Did you know...
...that the rings of Saturn are so thin in proportion to their width that, if a scale model were to be built with the thickness of a phonograph record the model would have to measure four miles from its inner edge to its outer rim?
Saturn, the sixth closest planet to our Sun, was the most remote planet known to ancient man. Saturn must have been known even in early times because, at its brightest, it outshines all stars except Sirius and Canopus. Saturn is named for Jupiter's father, the first ruler of Olympus. The planet was formed about 4.6 billion years ago from gas clouds.
Saturn's mass is about 95 times greater than Earth's, making it the second most massive planet behind Jupiter. However, Saturn is the least dense planet of our solar system. Its large outer layers of gases like hydrogen and helium surround a liquid hydrogen interior. The gaseous nature of Saturn causes its period of axial rotation (the length of a day on Saturn) to be differential.
Saturn is, of course, best known for its rings, which make it arguably the most beautiful object in the night sky. These rings puzzled early astronomers like Galileo, who decided in 1610 that "the planet Saturn is not one alone, but is composed of three, which almost touch one another and never move nor change with respect to one another." The truth about Saturn's rings was given in 1659, in Christiaan Huygens' Systema Saturnium. There are three main rings, named A, B, and C. Rings A and B are brightest, while ring C is semitransparent and less evident. Smaller rings D through G have been observed in recent years, but they are largely insignificant. In fact, there are literally thousands of rings with tiny gaps between them. The rings are made of particles of debris, which range from the size of a grain of sand to tens of meters in diameter.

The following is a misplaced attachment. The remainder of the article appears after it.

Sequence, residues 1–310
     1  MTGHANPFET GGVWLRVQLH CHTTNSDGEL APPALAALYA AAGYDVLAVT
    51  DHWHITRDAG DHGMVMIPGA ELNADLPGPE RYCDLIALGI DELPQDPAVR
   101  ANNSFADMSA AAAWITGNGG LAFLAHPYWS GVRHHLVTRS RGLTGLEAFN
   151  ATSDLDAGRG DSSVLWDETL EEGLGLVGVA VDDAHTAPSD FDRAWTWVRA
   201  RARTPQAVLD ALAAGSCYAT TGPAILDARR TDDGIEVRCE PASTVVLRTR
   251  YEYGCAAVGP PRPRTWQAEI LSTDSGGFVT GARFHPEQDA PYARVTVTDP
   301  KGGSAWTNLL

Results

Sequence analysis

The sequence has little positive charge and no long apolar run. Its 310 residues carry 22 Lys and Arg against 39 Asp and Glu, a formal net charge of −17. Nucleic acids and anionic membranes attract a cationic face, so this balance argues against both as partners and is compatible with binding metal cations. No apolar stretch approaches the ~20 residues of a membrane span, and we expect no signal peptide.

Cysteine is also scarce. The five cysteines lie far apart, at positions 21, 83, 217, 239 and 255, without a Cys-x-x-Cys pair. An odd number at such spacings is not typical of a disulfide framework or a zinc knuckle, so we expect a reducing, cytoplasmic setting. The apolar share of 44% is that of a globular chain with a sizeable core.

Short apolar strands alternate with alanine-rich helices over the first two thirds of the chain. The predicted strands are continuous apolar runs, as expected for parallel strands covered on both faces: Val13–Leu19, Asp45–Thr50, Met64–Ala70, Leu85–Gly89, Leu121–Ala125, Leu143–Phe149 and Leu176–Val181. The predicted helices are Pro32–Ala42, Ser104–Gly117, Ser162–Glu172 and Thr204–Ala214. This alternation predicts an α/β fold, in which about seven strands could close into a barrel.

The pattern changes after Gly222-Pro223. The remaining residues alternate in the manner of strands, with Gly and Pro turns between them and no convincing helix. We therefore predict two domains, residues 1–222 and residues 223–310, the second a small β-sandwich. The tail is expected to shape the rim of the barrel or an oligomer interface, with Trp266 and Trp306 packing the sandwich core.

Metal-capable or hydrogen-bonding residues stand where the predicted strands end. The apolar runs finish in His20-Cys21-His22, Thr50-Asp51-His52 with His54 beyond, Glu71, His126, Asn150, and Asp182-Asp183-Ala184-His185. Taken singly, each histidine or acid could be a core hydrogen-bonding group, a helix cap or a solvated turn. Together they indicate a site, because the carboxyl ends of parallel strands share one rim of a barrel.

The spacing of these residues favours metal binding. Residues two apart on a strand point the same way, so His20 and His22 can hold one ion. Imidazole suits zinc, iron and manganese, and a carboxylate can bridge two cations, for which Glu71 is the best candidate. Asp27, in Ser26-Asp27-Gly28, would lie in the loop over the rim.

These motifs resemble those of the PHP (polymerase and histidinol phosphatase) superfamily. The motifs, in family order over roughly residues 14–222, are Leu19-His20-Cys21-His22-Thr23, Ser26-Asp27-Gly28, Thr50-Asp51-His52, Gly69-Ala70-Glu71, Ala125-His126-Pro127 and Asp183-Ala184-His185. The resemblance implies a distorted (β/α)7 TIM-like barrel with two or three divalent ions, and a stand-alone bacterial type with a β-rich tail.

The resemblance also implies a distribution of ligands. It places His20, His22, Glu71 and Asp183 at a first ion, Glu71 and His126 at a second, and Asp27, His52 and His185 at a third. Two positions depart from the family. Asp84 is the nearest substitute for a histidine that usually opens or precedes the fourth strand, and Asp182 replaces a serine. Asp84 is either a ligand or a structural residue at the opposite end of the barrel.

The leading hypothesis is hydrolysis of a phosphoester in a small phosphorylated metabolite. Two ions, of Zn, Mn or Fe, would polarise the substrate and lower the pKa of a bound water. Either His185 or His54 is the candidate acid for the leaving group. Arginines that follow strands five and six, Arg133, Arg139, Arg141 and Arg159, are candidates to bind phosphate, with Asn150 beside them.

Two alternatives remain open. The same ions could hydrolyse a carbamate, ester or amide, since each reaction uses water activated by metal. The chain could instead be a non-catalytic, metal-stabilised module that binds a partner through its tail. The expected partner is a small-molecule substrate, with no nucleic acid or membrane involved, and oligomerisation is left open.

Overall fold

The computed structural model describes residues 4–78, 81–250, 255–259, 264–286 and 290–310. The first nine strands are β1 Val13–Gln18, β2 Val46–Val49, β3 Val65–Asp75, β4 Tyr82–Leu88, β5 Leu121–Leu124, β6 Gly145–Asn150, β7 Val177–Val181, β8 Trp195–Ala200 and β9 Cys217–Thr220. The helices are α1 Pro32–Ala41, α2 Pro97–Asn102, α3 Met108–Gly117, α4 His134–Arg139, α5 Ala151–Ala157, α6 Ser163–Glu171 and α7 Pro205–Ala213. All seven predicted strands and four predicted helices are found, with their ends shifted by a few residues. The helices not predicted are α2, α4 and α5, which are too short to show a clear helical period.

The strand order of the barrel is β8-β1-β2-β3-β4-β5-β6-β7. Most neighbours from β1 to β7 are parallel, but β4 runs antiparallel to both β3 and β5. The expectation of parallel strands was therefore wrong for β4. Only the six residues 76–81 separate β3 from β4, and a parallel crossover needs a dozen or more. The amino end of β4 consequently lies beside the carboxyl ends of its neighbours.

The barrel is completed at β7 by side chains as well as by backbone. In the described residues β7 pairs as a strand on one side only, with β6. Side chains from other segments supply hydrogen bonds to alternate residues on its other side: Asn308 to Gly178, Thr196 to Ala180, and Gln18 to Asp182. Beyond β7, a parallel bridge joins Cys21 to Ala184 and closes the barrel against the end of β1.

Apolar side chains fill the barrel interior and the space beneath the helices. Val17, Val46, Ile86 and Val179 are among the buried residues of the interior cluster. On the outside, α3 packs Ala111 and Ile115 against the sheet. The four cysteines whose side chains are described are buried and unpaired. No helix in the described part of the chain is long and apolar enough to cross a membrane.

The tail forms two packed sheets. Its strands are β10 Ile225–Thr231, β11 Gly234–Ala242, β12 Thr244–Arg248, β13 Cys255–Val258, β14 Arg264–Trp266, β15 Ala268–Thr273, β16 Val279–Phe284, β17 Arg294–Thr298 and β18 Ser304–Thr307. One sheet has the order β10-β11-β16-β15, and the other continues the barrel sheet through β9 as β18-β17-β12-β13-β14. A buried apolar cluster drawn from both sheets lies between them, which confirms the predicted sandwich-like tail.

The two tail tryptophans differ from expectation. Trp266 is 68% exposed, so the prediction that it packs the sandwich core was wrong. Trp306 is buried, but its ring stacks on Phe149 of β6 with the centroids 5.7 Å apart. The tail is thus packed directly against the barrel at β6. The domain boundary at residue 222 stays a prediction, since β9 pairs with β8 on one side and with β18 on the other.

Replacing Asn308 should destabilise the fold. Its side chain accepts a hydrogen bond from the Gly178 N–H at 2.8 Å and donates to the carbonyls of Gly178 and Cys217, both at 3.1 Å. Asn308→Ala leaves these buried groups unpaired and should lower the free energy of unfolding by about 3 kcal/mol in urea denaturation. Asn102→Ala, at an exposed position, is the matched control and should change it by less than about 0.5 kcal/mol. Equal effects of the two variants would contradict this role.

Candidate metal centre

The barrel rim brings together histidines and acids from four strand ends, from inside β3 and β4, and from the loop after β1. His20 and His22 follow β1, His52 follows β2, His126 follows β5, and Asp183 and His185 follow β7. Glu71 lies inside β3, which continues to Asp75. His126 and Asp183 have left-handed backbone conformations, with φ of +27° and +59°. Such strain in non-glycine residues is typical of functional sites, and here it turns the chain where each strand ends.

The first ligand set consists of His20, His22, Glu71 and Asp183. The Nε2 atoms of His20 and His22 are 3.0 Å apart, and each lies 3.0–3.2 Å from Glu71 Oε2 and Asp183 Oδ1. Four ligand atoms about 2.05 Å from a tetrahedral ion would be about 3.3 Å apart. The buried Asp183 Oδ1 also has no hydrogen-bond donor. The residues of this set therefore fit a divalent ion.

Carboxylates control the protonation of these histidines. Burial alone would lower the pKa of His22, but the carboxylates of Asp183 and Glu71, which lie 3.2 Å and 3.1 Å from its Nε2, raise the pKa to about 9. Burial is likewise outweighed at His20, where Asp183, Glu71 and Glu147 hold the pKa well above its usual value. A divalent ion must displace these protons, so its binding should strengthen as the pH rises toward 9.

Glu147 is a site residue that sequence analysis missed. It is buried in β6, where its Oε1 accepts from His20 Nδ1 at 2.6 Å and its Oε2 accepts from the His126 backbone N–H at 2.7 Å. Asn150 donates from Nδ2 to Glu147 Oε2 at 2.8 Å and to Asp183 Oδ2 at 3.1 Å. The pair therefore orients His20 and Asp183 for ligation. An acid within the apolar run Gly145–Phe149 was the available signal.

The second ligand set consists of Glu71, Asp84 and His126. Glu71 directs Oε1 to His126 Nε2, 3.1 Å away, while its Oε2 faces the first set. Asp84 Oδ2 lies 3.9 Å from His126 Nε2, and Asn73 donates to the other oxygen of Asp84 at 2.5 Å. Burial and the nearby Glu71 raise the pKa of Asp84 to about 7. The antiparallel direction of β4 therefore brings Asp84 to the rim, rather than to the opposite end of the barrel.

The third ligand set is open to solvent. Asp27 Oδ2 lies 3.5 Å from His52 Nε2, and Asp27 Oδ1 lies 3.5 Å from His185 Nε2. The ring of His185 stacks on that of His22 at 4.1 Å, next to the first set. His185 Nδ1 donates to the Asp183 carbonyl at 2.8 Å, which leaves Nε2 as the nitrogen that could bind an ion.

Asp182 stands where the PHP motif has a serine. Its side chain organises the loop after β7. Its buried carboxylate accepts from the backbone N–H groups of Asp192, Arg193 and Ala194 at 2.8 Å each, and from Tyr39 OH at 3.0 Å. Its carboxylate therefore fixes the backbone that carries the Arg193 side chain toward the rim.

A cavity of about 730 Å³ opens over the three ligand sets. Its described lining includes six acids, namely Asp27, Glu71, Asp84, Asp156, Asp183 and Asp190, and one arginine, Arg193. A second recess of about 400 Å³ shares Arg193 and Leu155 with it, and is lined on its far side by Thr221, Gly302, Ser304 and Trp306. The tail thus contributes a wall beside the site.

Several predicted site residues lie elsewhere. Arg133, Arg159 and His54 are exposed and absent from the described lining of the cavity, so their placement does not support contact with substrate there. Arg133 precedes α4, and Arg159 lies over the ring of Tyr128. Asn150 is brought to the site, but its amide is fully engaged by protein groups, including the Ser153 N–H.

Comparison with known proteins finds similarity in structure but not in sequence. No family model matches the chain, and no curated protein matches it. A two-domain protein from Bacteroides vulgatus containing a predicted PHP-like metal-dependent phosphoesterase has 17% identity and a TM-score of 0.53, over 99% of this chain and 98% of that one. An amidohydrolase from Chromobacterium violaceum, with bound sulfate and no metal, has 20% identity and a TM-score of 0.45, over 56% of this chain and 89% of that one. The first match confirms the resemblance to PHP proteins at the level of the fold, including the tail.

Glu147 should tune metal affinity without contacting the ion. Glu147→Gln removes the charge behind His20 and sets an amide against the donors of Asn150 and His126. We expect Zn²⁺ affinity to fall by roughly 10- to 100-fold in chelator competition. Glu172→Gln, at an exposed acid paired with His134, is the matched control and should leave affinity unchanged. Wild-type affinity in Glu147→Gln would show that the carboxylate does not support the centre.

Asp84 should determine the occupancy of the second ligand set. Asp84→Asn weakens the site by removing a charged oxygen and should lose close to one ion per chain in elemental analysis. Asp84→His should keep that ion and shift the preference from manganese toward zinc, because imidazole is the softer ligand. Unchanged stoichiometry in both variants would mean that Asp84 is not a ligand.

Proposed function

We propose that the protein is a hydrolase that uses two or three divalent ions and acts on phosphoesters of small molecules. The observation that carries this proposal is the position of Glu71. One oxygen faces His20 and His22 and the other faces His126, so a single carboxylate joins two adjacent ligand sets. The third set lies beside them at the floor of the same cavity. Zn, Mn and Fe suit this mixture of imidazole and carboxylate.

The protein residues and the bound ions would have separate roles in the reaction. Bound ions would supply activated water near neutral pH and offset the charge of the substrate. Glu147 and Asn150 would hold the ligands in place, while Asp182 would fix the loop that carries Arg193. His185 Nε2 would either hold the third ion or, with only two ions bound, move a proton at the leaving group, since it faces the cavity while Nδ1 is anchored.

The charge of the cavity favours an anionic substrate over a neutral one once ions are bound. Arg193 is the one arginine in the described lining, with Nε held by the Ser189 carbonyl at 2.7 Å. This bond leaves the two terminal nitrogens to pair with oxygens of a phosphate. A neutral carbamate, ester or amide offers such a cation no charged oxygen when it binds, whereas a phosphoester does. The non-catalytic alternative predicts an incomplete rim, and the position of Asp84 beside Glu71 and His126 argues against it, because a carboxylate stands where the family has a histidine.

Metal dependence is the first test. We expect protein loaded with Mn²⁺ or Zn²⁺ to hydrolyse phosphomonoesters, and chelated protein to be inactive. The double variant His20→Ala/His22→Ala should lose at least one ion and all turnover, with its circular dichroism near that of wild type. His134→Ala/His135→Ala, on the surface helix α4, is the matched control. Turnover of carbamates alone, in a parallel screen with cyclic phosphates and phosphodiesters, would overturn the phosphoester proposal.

Saturn has 23 satellites (moons), by far the most of any planet in the solar system. The largest is Titan, which is 5,150 km in diameter. Other satellites of significance include Mimas, Enceladus, Tethys, Dione, Rhea, Hyperion, Iapetus, and Phoebe. Phoebe, the farthest moon from Saturn, has an oddly angled orbit much wider than the other moons, suggesting it was perhaps once an asteroid that became entrapped by Saturn's gravitational pull.
The Nine Planets: Saturn - tons of info, pictures, links
The NSSDC Photo Gallery: Saturn - lots of photos with NASA captions
Planetary Photojournal: Saturn - all sorts of images, very complete
Saturn Planet Profile - basic info, images
Views of the Solar System: Saturn - facts, images, animation
* Photo caption - NSSDC Photo Gallery